Leading article: A voice of euro-fatalism that must be challenged

Related Topics

Just when the European Union might have welcomed a fortnight's breathing space, between the Yes vote in Ireland and the Greek election on 17 June, up pops George Soros, billionaire philanthropist and all-purpose financial guru, to throw his venerable spanner in the works. At a conference in Italy, Mr Soros warned that there was but a three-month window to save the euro.

To describe his intervention as ill-timed would be an understatement. It was worse than ill-timed, it was irresponsible. European leaders need no reminding about the scale of the crisis they are confronting, and they especially do not need a deadline set by a speculator. They need time and they need space to examine the options. That is what Mr Soros will have stolen, if they – and/or the markets – choose to heed him. We hope they do not.

To ignore or contradict Mr Soros is a risk not to be taken lightly. Ever since 1992, when he bet against the UK remaining in the European Exchange Rate Mechanism, and won, his words and his financial manoeuvrings have assumed a legendary status. And the difficulty is that, whether his soothsaying is accurate or not, his clout gives him the capacity to move markets. His prophecies become self-fulfilling. When he issued a similarly doom-laden warning at Davos in January – but without the deadline – the euro immediately fell.

The danger now is that politicians and markets respond to the bleak musings of Mr Soros rather than to some of the more positive developments of recent weeks. There have been changes since Mr Soros spoke in January, and not all of them have been for the worse.

The first is Ireland's referendum result. To imagine what different territory the eurozone could now be in, one has only to posit a No vote in Ireland. The 60 per cent Yes might not have been an overwhelming vote of confidence, but it was a convincing statement to the effect that Ireland felt more secure as part of a common European endeavour than not. As such, the vote reflected hope for Europe rather than despair. European leaders, whether inside or outside the euro, can take heart from that.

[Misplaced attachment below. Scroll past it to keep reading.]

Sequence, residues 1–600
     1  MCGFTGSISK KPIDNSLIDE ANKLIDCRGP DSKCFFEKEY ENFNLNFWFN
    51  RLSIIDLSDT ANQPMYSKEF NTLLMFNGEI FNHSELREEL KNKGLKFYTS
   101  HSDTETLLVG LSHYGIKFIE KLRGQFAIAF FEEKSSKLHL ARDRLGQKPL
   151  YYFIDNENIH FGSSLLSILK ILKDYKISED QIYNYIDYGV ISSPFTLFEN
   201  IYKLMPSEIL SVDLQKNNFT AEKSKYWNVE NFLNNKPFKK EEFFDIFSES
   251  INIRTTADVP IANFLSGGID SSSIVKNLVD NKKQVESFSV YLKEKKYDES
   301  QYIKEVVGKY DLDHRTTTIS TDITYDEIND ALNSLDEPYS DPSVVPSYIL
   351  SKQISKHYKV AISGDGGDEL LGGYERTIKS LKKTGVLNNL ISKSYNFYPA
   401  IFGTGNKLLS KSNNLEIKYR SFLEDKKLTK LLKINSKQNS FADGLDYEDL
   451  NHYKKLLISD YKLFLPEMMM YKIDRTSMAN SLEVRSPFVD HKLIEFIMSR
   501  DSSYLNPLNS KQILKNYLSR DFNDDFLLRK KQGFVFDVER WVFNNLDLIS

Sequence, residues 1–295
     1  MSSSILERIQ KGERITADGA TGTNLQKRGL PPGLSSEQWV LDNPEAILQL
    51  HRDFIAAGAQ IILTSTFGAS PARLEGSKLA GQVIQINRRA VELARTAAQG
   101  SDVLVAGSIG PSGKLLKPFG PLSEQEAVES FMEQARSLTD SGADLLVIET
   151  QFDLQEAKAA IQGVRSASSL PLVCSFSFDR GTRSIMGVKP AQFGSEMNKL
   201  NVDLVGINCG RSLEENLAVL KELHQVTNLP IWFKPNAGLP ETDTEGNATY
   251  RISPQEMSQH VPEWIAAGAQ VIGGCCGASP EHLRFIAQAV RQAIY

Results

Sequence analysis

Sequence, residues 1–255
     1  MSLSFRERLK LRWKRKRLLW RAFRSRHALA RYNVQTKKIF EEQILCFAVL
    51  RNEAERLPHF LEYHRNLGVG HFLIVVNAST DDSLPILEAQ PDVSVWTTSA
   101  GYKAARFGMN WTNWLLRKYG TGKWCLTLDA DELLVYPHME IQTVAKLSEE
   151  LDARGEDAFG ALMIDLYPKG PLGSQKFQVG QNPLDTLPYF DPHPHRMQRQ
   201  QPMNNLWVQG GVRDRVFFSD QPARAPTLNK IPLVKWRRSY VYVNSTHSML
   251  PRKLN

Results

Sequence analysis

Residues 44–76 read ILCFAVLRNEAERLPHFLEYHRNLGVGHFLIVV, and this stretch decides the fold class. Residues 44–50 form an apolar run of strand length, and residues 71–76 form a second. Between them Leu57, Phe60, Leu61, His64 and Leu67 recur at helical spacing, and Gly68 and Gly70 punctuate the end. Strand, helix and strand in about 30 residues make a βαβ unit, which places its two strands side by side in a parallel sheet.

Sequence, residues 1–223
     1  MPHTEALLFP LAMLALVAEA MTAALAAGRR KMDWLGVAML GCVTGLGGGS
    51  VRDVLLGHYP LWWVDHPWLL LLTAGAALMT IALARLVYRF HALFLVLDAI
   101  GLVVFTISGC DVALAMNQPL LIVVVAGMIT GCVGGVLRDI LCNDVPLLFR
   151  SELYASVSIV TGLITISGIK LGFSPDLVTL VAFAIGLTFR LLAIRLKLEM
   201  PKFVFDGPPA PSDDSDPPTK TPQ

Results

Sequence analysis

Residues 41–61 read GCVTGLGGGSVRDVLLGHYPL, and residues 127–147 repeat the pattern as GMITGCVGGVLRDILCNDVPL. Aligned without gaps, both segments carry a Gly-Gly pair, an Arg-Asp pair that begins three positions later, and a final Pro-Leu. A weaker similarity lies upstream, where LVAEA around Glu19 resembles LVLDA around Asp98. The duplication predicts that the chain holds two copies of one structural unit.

A second is the change of mood in Europe since the election of François Hollande as President of France. It is often argued that, given all the constraints of the modern world, a change of national leader can alter little. Mr Hollande is the latest in a stream of examples that give the lie to this particular brand of cynicism. With Mr Hollande's arrival on the European scene, the balance between austerity and growth has shifted. While never the straight alternatives much rhetoric suggested, the search is now on for ways of encouraging growth within existing economic limitations. Progress in this direction might just facilitate the election of a viable government in Greece.

And a third is a hint of greater flexibility from Germany. For her own political reasons, Chancellor Merkel cannot afford to execute a sharp turn in economic policy. Her party has, however, come in for a battering in regional elections, and the forecasts – here Mr Soros is right – are for an economic slowdown, even as the country enters a federal election year. Ireland gave Germany the endorsement of the European fiscal stability treaty it needed; with that battle won, perhaps talking can begin.

The bank troubles in Spain and the prospect of Cyprus joining the queue for a bailout must be included in the equation. But one financier, even George Soros, should not be left to dictate the fate of the eurozone unchallenged.

React Now

Latest stories from i100
iJobs Job Widget
iJobs General

Guru Careers: C# Project Team Lead

£55 - 65k (DOE): Guru Careers: A unique opportunity for a permanent C# Develop...